Fibrocartilaginous Embolic Myelopathy (FCE) in Dogs


Overview of Canine Fibrocartilaginous Embolization 

Fibrocartilaginous embolic myelopathy, commonly referred to fibrocartilaginous embolization and abbreviated as FCE, is a condition involving necrosis (cell death) of a region of the spinal cord secondary to infarction (obstruction) of the blood supply. The infarction is caused by fibrocartilage, which arises from part of the intervertebral disc (the shock absorbing material located between bones in the spinal column) and enters a spinal artery or vein.

The cause of FCE is unknown. It is also unclear as to how the fibrocartilaginous material enters the bloodstream. Giant and large breed dogs are most commonly affected. It may also occur in smaller dogs, with an apparent predisposition in Shetland sheepdogs and miniature schnauzers. Most affected animals are 3-6 years of age and male dogs are slightly more prone to FCE than females.

Although FCE has been reported in cats, the condition is very rare.

What to Watch For

Signs of Fibrocartilaginous Embolic Myelopathy (FCE) in dogs may include: 

  • Lack of coordination
  • Lameness
  • Dragging of limbs
  • Complete inability to walk
  • Sudden onset of weakness or paralysis in one, several or all limbs
  • Diagnosis of Fibrocartilaginous Embolic Myelopathy (FCE) in Dogs

  • History and physical exam
  • Spinal radiographs (X-rays)
  • Myelography (specialized X-ray using agents to highlight the spinal cord)
  • Cerebrospinal fluid (CSF) analysis
  • Complete blood count, biochemical profile and urinalysis
  • Treatment of Fibrocartilaginous Embolic Myelopathy (FCE) in Dogs

    Intravenous corticosteroid therapy may be useful if administered within 6-8 hours of onset of clinical signs in dogs. Additional treatment includes:

  • Supportive care
  • Physical therapy
  • Home Care and Prevention

    Recovery may be a slow process, requiring continued supportive medical care at home. Some affected animals may lose the ability to urinate normally. This may necessitate manual emptying of the bladder and frequent cleaning of the hind end to avoid urine scalding.

    Pressure sores are a common complication of prolonged paralysis. Frequent turning of paralyzed animals, soft bedding, and management of any sores is also necessary.

    There are no known measures to prevent FCE.

    In-depth Information on Fibrocartilaginous Embolization in Dogs

    FCE is a disease most commonly seen in large dogs. The onset of clinical signs often occurs following exercise or some form of mild trauma. It is generally considered to be a non-painful condition, although owners often report apparent pain or vocalization when the signs first occur.

    The onset of signs is very acute (sudden). The type of problems seen depend on which part of the spinal cord is involved. If the infarcted portion of spinal cord is in the neck, both front and hind legs may show abnormalities. If the infarcted portion of spinal cord is behind the front legs, there may only be a problem with the hind legs. Additionally, the signs are usually asymmetric, meaning they are worse on one side of the body than the other.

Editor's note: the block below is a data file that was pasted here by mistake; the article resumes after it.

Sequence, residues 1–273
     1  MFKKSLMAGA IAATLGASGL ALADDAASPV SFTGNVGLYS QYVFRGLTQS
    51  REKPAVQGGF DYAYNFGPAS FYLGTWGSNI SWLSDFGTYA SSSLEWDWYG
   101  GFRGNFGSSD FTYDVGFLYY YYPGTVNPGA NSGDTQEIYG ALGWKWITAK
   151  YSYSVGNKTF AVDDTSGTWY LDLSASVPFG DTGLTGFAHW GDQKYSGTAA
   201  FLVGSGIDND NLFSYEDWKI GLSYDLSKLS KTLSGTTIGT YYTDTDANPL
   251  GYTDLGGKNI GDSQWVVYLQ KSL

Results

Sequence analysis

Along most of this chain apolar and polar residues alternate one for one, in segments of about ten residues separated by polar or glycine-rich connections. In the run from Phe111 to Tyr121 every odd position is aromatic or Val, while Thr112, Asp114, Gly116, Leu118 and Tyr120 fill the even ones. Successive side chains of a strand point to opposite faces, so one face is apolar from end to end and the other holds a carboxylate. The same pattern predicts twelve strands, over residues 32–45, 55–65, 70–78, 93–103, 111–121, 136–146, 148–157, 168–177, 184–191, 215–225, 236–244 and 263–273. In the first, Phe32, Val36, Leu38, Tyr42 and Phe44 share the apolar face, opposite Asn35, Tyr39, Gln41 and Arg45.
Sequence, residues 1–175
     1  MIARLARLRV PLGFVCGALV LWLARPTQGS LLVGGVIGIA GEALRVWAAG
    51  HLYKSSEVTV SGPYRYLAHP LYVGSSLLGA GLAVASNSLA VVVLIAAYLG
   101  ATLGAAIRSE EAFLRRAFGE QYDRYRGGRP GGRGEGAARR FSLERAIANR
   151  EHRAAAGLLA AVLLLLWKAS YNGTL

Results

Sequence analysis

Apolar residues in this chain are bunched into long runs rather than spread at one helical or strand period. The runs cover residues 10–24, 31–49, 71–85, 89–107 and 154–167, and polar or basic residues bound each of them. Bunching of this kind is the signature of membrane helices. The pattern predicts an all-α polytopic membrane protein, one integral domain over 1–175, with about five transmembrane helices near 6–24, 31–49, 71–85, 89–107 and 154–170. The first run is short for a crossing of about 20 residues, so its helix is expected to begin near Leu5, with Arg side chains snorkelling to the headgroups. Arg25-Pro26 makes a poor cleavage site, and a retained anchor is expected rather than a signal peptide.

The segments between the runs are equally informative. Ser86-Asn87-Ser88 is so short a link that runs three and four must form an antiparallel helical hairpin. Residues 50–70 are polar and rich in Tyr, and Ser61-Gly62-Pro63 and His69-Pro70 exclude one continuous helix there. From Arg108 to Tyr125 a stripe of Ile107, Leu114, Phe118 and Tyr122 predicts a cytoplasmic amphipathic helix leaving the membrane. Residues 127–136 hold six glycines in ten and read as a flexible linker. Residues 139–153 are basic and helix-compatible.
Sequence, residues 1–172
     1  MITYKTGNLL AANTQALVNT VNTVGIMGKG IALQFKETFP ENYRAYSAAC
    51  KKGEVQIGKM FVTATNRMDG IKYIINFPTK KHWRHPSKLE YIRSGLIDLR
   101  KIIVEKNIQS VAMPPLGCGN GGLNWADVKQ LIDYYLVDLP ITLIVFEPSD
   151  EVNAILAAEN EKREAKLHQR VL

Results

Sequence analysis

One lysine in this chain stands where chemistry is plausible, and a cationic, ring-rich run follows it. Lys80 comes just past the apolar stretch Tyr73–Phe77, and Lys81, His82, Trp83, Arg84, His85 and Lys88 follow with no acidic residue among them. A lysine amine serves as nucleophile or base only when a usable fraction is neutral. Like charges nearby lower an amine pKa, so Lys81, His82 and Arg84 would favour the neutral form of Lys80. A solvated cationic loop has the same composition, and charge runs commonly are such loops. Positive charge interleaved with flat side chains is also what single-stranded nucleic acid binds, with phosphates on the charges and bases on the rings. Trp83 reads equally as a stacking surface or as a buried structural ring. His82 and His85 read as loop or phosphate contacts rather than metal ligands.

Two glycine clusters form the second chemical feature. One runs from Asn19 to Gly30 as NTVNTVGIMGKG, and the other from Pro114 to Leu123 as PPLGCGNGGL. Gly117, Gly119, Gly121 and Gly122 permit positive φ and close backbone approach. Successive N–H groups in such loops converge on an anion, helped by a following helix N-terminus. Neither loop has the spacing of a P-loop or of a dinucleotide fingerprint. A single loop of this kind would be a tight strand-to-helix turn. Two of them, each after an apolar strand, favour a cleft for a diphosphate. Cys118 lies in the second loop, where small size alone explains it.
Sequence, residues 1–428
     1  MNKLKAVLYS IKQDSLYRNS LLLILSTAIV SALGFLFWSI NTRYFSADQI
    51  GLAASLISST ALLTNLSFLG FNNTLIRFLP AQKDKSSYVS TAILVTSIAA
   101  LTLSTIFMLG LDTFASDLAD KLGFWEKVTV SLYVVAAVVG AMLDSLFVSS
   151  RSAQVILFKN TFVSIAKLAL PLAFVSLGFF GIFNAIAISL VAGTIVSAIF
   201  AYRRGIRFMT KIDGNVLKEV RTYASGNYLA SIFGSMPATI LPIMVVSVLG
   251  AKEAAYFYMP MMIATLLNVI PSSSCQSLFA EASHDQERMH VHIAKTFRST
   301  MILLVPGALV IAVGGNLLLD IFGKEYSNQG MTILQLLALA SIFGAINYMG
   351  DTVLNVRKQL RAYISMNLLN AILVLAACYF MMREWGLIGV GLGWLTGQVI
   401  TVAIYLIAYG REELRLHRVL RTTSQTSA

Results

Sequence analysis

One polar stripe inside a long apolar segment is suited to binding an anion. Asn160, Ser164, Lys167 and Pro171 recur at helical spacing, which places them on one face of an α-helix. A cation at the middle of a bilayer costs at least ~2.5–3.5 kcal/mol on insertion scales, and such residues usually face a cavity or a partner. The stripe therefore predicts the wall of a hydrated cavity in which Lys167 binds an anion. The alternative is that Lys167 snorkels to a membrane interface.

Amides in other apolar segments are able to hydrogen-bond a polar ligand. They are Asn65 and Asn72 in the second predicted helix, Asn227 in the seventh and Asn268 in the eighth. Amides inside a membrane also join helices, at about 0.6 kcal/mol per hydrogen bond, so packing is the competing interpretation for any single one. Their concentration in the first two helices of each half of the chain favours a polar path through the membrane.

The degree of neurologic deficit may range from a mild lameness to complete paralysis of one or more legs. There may be some worsening of signs over the first 12-24 hours, but the deficits do not progress beyond this time period. Other diseases that may cause signs similar to FCE include:

  • Vertebral fracture (or other spinal trauma). Fracture of one of the vertebrae may result in compression of the spinal cord with resulting limb weakness or paralysis. Fractures of this nature are usually sustained following major trauma (such as being hit by a car) and the animal would be expected to exhibit continuous pain. Neurologic deficits are most often symmetric in this instance.
  • Intervertebral disc disease. Rupture or herniation of one of the discs that sit between the vertebrae (“slipped disc”) can cause a sudden onset of paralysis similar to FCE. Animals suffering from this condition are very painful and tend to have more symmetric signs as well. Acute rupture of intervertebral discs is also more common in small dogs, whereas FCE is more common in large dogs.
  • Diskospondylitis. This is an infection of the intervertebral disc. This is yet another painful disease process and the animals often show other signs of illness such as fever and lethargy. Depending on the severity of the infection, the animal may or may not have neurologic deficits.
  • Spinal tumor. Cancer of the spinal cord or of the vertebrae may produce a non-painful and asymmetric weakness or paralysis of the limbs, but this usually follows a gradual course, with slowly progressive signs.
  • Myelitis. Myelitis is an inflammatory condition of the spinal cord. This also generally has a slower onset of signs and is a progressive disorder.
  • Spinal cord hemorrhage. Certain bleeding disorders may cause hemorrhage in and around the spinal cord, which may also interrupt normal neurologic function. Most animals with bleeding disorders show evidence of bleeding elsewhere in the body rather than strictly associated with the spinal cord.                                                                      
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